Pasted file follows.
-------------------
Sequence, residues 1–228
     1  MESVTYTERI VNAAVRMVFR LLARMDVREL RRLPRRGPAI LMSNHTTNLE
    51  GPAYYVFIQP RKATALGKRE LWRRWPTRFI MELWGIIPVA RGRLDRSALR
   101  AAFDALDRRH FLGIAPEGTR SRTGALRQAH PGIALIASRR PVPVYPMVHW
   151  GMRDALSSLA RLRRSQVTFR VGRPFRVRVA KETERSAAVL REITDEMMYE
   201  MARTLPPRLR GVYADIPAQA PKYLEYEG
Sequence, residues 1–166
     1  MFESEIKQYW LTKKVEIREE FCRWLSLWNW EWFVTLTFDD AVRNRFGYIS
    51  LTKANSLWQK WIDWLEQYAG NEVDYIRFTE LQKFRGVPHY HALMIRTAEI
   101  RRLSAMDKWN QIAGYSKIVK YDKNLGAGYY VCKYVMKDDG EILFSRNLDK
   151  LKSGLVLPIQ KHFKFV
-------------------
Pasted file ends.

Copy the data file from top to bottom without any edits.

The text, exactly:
Sequence, residues 1–228
     1  MESVTYTERI VNAAVRMVFR LLARMDVREL RRLPRRGPAI LMSNHTTNLE
    51  GPAYYVFIQP RKATALGKRE LWRRWPTRFI MELWGIIPVA RGRLDRSALR
   101  AAFDALDRRH FLGIAPEGTR SRTGALRQAH PGIALIASRR PVPVYPMVHW
   151  GMRDALSSLA RLRRSQVTFR VGRPFRVRVA KETERSAAVL REITDEMMYE
   201  MARTLPPRLR GVYADIPAQA PKYLEYEG
Sequence, residues 1–166
     1  MFESEIKQYW LTKKVEIREE FCRWLSLWNW EWFVTLTFDD AVRNRFGYIS
    51  LTKANSLWQK WIDWLEQYAG NEVDYIRFTE LQKFRGVPHY HALMIRTAEI
   101  RRLSAMDKWN QIAGYSKIVK YDKNLGAGYY VCKYVMKDDG EILFSRNLDK
   151  LKSGLVLPIQ KHFKFV